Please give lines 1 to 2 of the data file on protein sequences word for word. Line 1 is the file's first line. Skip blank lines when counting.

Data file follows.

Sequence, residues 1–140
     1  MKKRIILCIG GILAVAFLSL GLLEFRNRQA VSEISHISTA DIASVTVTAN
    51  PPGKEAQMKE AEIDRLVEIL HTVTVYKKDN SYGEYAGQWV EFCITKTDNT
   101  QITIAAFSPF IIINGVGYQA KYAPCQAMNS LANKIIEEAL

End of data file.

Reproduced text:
Sequence, residues 1–140
     1  MKKRIILCIG GILAVAFLSL GLLEFRNRQA VSEISHISTA DIASVTVTAN